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Lance Armstrong's Trainer Direct to Your MembersSort Of.

Ask any of your club members if they would like to receive fitness coaching from the personal trainer of Tour de France champion Lance Armstrong, and chances are you will get an enthusiastic “yes!”

Now, Chris Carmichael, whose training method helped Armstrong regain his strength and endurance after a successful battle against cancer, has partnered his company, Carmichael Training Systems (CTS), with Nevada-based Computer Screening Inc. (CSI) to bring training improvement programs directly to fitness facilities.

“We have been asked by lots of different health clubs to offer [our] coaching in clubs, and this is the first entry point,” Carmichael said. “We know there is excitement in clubs [about this new program].”

For a fee, CSI supplies the club with a high-tech Internet kiosk, which is similar to those often seen in pharmacies and other retail establishments. At the kiosk, members can check their weight, blood pressure and other vitals. Members then log on to the CTS Web site and work directly with a personal fitness coach. Coaches are certified through CTS and are trained to help members reach their goals, whether their desire is to shed pounds or run a marathon.

“We think [clubs] can turn this into a great member retention program,” says Charles R. Sullivan, executive VP of CSI. “It could also become a cash generator for the club.”

According to Sullivan, this is because clubs have plenty of options when it comes to integrating the system into their facility's programming. Clubs can elect to charge members a fee to use the kiosk or they can incorporate the cost into the joining fees and monthly dues. In addition, the kiosk has a backlit display, which opens up an opportunity for clubs to sell advertising space to local fitness-related business.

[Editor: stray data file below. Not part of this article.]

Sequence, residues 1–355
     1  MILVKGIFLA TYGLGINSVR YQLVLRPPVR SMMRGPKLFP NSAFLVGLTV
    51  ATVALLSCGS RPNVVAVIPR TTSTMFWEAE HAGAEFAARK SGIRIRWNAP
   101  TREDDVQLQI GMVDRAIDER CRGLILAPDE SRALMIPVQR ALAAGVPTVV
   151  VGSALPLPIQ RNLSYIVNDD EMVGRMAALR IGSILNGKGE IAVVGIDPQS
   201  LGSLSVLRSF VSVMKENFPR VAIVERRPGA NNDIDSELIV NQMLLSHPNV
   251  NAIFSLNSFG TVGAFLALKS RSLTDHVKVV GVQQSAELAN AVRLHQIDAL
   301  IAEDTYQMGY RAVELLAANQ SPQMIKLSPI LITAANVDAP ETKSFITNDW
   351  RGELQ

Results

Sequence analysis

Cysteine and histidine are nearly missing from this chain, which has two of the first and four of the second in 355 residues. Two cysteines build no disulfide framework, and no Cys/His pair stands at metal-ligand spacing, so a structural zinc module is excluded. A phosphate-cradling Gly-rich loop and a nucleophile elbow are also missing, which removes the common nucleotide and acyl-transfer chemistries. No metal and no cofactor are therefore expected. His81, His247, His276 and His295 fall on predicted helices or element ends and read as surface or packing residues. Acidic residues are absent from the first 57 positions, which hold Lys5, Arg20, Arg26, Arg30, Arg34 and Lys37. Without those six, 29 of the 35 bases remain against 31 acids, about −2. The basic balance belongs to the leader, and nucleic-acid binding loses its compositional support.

Additionally, CTS and CSI said that this new offering is designed to add value to the club membership, as well as reinforcing club members' commitment to fitness by getting them involved in an individualized training program.

When a new client signs on with CTS, Carmichael said, their coach starts off by asking about the individual's health and exercise history, current health, fitness goals, and the amount of time he or she is willing to dedicate to the program on a weekly basis. Next, the client participates in a field test that gives the coach an idea of the client's current level. Based on the results, the coach develops a month-long plan for the client. And because the client is consistently checking in with the coach, the plan can be modified on a daily basis depending on how well the client is adapting to the program.

“What we do is follow the same training methodology used with top athletes,” Carmichael said. “We individualize to {the client}.”

Though the automatic assumption could be that using the CTS program in a club would compete with the personal training staff, the idea is for the two programs to work in conjunction with each other, according to the company. Trainers at a gym, for example, can help members use the kiosk and work with them on the fitness plan provided by their personal CTS coach. It also provides members with an easy way to track their results. Instead of keeping track of progress on a paper chart, members use a Web-based program, allowing them to log on to the CTS Web site and“meet” regularly with their CTS coach by using the direct dial phone attached to the kiosk.

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